The simplest definition of an artist may be one who shapes a certain material – be it clay, paint, music or the human body. Yet what might we call artists who shape the nature of the art of their time itself? Broadly speaking, artists most often follow the general artistic trends of their generation, and what the surrounding society will recognize enough to support. Some artists, however, put forth the cunning and courage to alter the direction of the art of their time – and thus also change its future course.
Trisha Brown, who passed away on March 18, was one such artist. She had been in treatment for vascular dementia since 2011. She obtained her undergraduate degree in dance at Mills College in 1958. Key influences at this early stage of her career were Simone Forti and Anna Halprin, from whom she learned methods for forming improvisation into a (somewhat) repeatable performance. These include “task-based improvisation” (movement driven by the process of accomplishing a certain task) and “rule games” (seeing what might transpire from having one to a few rules shape one’s movement). She transplanted to New York City in 1961. The following year, she helped found Judson Dance Theater with fellow post-modern dance pioneers such as Steve Paxton and Yvonne Rainer.
Like dances of those colleagues, her works “eliminated bravura, academic technique, acting and musicality” – fundamentals of concert dance (both ballet and modern dance), explains Alastair Macaulay, chief dance critic for The New York Times.
In her treatise on “Pure Movement”, Brown stated that she does not “promote the next movement with a preceding transition and therefore, I do not build up to something.” This is an unapologetic departure from the convention of building dramatic arc, whether in overarching narrative or in the body, that is so key to plot or theme-based dance. For Brown, and for post-modern dancers of decades after, the possibilities of the body can provide drama or “message” enough. “Pure movement is movement that has no other connotations,” she asserted.
Brown’s early works also revealed her penchant for seeing, and subsequently engaging with, spaces in wholly original ways. In 1970’s Walking on the Wall, for instance, dancers walked on walls, and audience positioning granted the optical illusion of looking down on the performers from above. Wendy Perron, Dance Magazine editor-in-chief and former dancer for Brown, recounts how “[Brown] said she felt sorry for places that weren’t center stage – the corners, the walls and wing space….she caused a revolution by simply, sweetly turning to spaces that other dance-makers don’t.”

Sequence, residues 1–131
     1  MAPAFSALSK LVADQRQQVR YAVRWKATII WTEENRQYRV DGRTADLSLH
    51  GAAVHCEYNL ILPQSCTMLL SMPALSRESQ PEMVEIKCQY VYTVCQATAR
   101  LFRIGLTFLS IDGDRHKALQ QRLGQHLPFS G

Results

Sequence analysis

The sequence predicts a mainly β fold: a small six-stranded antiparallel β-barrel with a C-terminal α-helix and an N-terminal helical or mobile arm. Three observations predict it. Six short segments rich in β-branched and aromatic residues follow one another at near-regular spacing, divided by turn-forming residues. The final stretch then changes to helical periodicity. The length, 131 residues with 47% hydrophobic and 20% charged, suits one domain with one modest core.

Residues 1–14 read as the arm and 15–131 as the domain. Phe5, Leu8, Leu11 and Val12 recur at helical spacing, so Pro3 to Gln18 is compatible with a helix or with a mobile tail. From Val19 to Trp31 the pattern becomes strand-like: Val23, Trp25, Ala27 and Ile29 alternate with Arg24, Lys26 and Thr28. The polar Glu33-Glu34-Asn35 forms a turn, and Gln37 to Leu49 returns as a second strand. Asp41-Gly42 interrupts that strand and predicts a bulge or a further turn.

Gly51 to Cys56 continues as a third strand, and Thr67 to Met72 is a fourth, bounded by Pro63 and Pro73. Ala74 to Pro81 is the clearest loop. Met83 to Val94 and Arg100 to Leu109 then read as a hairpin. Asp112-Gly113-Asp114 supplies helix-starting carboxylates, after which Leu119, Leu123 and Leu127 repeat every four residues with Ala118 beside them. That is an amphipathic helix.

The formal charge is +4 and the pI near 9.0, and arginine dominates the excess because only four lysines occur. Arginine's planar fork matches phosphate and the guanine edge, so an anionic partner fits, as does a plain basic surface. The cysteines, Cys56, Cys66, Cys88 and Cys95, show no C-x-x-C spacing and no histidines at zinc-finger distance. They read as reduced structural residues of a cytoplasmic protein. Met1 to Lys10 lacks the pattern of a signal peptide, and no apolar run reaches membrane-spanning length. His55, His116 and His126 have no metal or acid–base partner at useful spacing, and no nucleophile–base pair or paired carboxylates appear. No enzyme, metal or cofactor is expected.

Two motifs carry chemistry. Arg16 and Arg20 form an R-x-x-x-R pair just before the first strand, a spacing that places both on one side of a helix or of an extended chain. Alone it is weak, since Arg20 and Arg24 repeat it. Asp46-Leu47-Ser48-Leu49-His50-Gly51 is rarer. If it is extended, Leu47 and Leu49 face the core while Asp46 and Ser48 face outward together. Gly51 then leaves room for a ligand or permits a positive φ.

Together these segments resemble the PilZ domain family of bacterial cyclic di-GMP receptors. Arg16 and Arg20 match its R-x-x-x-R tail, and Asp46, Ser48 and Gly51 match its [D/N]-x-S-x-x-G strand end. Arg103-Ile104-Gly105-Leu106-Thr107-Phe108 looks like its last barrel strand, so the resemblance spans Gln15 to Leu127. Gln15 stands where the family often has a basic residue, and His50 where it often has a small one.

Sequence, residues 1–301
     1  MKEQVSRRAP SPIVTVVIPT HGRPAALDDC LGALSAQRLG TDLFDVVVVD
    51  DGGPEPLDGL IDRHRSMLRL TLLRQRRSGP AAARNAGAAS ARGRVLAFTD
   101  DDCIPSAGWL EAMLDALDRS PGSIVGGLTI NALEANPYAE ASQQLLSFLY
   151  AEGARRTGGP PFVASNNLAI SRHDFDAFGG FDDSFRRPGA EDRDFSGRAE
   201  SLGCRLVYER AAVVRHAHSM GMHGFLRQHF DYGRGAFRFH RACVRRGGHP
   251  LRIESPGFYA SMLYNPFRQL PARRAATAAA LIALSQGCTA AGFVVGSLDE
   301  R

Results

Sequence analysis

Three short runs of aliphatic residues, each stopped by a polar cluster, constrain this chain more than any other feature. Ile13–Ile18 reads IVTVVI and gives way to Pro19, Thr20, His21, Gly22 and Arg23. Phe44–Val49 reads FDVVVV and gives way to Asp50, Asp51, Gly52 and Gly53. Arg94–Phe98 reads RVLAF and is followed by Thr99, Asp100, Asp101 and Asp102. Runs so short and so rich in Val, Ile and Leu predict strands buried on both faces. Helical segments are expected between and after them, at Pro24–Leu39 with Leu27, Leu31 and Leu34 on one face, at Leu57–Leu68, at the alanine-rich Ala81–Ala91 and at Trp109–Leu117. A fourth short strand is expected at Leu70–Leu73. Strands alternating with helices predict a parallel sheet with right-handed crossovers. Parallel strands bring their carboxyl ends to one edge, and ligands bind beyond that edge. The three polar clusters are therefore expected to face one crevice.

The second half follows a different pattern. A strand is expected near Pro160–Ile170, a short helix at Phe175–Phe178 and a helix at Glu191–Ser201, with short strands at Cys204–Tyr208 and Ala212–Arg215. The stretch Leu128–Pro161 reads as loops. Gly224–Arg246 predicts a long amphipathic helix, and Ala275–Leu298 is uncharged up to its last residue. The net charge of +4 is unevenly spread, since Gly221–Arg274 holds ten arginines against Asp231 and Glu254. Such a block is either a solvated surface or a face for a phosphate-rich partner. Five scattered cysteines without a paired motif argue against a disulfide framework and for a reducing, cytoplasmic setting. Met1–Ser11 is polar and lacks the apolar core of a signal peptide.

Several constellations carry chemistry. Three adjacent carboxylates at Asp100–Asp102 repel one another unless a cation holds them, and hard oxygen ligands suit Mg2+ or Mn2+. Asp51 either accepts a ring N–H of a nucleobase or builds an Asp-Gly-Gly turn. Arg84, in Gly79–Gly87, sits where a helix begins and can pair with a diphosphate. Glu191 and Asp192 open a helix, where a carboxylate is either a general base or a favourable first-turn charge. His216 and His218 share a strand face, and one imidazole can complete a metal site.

And post-modern dancers have danced in unexpected spaces ever since – in trees, in swimming pools, nearly anywhere that will hold bodies moving in time. Brown also engaged with the space of the body in a revolutionary way. She had no qualms with seeing audiences in a yet-unseen way as well; she stated in her treatise that she “may perform an everyday gesture so that the audience does not know whether I have stopped dancing or not.” She was in no way beholden to the presumed tastes or understandings of her audience members. “I…use quirky, personal gesture, things that have specific meaning to me but probably appear abstract to others,” she explained. No more to it than that.
Despite this attitude to audience mentality, Brown’s approaches began to gain recognition and admiration, in earnest, with 1983’s Set and Reset. She gained a following in France in particular, and in 1988 the French government named her Chevalier dans L’Ordre des Arts et Lettres – a unique honor granted to artists, writers and the like who are highly admired in France.
In later years, Brown returned to the proscenium stage. She also more frequently used a method called accumulation, a repeated movement then layered on with another movement, and so on to build phrases. This was in line with her tendency to challenge audience members, claims Joan Acocella in The New Yorker, to “deflect their focus”. Brown asserted that when “moving to the right, I will stick something out to the left…to set up some sort of reverberation between the two.”
Brown also transitioned from using silence to classical music scores because she was tired of hearing the audience coughing, she claimed. Tongue-in-cheek, yes, but she could also roar like a lioness. When asked, earlier in her career, why she didn’t use music for her dances, for example, she responded, “Do you walk around a sculpture and ask why there is no music?”
She was called generous and caring toward her dancers, and she clearly “invited people to think, move and see differently”, Perron asserts.
Brown describes herself best – perhaps accidentally – in her treatise, stating that she “[made] radical changes in a mundane way”. She was not the only seminal dancemaker of her generation, of her circle of post-modern dance pioneers, but she was uniquely influential. May dancers, choreographers and all who experience some part of her legacy come away thinking, moving and seeing – in some small way – differently, newly and daringly.
By Kathryn Boland of Dance Informa.